The first example comes from a 4000-year-long simulation carried out with the Geophysical Fluid Dynamics Laboratory (GFDL) CM2.1 model under constant preindustrial forcing (Delworth and Zeng 2012). The observable chosen was the surface air temperature averaged over the Atlantic domain and over the latitudes 20-90°N. This quantity shows dominant variability on centennial timescales, which appears above a red noise background spectrum. In these simulations, the inter-hemispheric heat transport associated with variations in the meridional overturning circulation (MOC) in the Atlantic is responsible for this variability. The variations arise through the advection of salinity anomalies by the MOC, which also determines the dominant timescale in the Atlantic domain surface air temperature.
Can this variability be traced back to the amplification of a single pattern in a more idealized model? Indeed, while investigating instabilities of the MOC in an idealized North Atlantic basin, it was found that buoyancy anomalies, which propagate over the overturning loop can be amplified (Sevellec et al. 2006); such oscillations are called "Loop Oscillations" (or overturning oscillations). The mechanism as deduced from such idealized models is sketched in Figure 1 and described in the caption. Similar patterns were also determined in global ocean models, where the timescale of variability is multi-millennial (Weijer and Dijkstra 2003).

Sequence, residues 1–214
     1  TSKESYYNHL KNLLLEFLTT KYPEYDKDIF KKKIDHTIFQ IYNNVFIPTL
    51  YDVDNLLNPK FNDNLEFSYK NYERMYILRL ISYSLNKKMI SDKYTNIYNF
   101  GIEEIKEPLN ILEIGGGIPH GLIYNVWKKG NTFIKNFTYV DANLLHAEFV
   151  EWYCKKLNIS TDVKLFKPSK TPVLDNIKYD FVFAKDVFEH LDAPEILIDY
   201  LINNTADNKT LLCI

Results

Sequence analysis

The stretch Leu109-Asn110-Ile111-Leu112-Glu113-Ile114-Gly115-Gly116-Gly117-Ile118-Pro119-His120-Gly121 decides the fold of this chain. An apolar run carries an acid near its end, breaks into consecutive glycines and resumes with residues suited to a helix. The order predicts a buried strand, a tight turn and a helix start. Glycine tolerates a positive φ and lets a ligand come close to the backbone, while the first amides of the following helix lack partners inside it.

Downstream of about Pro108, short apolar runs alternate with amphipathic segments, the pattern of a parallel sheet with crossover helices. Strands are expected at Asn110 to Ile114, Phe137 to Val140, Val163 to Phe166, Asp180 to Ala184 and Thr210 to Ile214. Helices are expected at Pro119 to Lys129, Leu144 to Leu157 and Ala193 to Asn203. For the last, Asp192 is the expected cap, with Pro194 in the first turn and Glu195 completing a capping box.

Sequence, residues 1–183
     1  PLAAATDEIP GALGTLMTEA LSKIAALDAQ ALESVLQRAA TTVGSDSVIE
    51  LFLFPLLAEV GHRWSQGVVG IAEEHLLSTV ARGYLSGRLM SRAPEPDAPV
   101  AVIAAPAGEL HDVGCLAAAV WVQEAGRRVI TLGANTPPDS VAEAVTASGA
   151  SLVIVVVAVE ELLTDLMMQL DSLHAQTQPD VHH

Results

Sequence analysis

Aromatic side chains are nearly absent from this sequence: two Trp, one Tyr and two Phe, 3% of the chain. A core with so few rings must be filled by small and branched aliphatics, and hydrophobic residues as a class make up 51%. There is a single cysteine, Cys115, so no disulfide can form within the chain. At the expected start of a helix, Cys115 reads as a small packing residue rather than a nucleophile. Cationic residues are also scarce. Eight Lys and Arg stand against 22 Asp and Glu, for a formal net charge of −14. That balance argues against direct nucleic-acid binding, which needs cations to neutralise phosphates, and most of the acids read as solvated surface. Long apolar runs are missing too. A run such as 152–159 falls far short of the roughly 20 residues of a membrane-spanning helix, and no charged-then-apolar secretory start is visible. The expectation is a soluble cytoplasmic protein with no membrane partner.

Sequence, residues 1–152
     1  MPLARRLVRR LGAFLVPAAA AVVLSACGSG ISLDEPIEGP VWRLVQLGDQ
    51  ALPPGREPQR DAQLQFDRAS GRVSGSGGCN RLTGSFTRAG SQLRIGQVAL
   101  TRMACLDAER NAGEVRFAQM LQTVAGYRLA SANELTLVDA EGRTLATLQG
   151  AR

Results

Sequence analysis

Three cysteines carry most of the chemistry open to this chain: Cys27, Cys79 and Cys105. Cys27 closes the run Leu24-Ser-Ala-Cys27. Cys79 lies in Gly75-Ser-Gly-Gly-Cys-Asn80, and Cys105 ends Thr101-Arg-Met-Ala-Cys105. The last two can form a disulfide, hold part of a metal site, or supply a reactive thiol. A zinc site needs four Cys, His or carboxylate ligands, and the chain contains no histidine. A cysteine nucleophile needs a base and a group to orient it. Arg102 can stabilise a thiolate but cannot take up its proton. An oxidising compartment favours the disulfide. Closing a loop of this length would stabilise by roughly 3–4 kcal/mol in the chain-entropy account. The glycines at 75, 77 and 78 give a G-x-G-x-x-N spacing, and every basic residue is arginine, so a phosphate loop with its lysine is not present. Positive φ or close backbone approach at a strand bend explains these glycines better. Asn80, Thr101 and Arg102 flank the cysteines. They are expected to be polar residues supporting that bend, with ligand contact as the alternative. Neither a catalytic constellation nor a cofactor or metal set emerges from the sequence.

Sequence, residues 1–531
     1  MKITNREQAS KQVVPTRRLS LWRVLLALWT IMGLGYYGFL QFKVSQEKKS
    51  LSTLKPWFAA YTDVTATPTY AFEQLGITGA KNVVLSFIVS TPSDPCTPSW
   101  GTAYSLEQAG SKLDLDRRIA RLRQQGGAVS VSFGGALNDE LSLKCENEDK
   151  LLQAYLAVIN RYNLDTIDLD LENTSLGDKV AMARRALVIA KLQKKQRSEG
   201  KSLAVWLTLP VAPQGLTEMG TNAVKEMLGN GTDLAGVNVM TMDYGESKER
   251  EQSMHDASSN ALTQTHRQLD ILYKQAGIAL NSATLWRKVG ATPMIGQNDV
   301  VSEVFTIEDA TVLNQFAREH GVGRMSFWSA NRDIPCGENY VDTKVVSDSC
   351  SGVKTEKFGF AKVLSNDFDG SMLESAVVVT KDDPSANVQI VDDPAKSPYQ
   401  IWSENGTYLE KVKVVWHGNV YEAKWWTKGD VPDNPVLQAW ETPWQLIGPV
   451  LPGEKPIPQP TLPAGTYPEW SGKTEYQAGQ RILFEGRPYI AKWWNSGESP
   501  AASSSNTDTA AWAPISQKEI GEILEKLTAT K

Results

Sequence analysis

Southern Ocean Centennial Variability
As a second example, we consider the centennial variability which was found in a 1500-year-long simulation with the Kiel Climate Model (KCM) using present-day constant forcing conditions (Latif et al. 2013). The observable used is the Southern Ocean Centennial Variability (SOCV) index, defined as the zonally and meridionally (from 50-70°S) averaged SST anomaly. The SOCV shows centennial variability above the red noise background. For this type of variability convection in the Weddell Sea is crucial with responses on sea-ice extent and MOC in turn affecting the convection.